The small island of hard geology known since the 7th century AD as Beckery has been the venue for a training excavation funded by the Avalon Marshes Heritage Lottery Fund. click on the word ‘medieval’ for blog pages of the beckery and burtle excavations.
The new investigations were undertaken by South West Heritage Trust as a community training excavation, funded by the HLF Avalon Marshes Landscape Partnership.The site has been investigated twice before, once by John Morland (local antiquary) in the 1880’s and then in 1967-8 by Philip Rahtz for the Chalice Well Trust.
The early Norman and late 13th century (poss. 1274 AD rebuild) chapel walls were exposed and human remains excavated from the earlier cemetery. Analysis of those remains have provided the first precise dating evidence for the cemetery, which was thought to be part of a small Saxon monastery. Now it is known that the cemetery begins in the 5th or early 6th century, before the conquest of Somerset by the Saxon kingdom of Wessex in the mid 7th century. Study of isotopes in the bones may reveal if the people buried in the cemetery had come to the site from distant areas.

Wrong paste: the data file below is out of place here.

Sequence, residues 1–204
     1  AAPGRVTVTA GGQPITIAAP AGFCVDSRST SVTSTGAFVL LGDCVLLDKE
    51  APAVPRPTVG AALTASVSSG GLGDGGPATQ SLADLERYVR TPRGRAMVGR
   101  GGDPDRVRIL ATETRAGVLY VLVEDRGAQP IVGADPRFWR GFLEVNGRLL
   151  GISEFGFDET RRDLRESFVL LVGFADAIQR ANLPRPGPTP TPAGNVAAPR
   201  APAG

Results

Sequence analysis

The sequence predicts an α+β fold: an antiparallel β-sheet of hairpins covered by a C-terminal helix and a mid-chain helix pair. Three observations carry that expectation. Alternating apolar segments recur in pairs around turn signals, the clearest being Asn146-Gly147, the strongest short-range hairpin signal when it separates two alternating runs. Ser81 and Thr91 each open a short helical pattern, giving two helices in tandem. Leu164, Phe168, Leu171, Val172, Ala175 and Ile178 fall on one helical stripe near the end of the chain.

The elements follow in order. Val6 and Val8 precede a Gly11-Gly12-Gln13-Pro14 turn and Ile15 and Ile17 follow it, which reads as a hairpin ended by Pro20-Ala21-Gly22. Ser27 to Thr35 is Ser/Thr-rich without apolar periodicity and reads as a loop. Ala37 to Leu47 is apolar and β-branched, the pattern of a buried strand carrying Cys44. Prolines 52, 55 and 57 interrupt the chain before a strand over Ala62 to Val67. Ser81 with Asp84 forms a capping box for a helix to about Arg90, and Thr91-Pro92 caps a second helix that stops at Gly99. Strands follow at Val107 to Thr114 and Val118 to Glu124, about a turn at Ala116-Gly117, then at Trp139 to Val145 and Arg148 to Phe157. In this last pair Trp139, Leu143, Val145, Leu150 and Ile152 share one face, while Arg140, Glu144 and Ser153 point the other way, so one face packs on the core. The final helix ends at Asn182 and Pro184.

Other trenches investigated things seen on a geophysical survey (by Geoflo Ltd) -another medieval stone building, which looks to be 13th-14th century in date, and an enclosing ditch which appeared to be of Iron Age date from the pottery but was later proved to be of late Saxon date by radiocarbon dating of animal bone.
Several hundred people visited the dig open day. Interim results will be presented on a special day at the nearby Red Brick building in 2017 and a local lecture given in 2017.
Glastonbury Abbey sources from the 12th century link the chapel to King Arthur, who had a vision of Mary Magdelene and the infant Jesus there, and to the Irish Saint Brigit, who is said to have visited in 488 AD and left some items behind. In the Medieval period the chapel was dedicated to Brigit and became a place of pilgrimage to visit her relics.
SWHT manage the site on behalf of Somerset County Council who own the land. It is intended to mark out the site of the chapel on the ground surface and show a revised plan of what we know on the interpretation board beside it. On the former tip site to the south an orchard has been planted and we had just grafted some traditional varieties onto the root stock – roll on Autumn!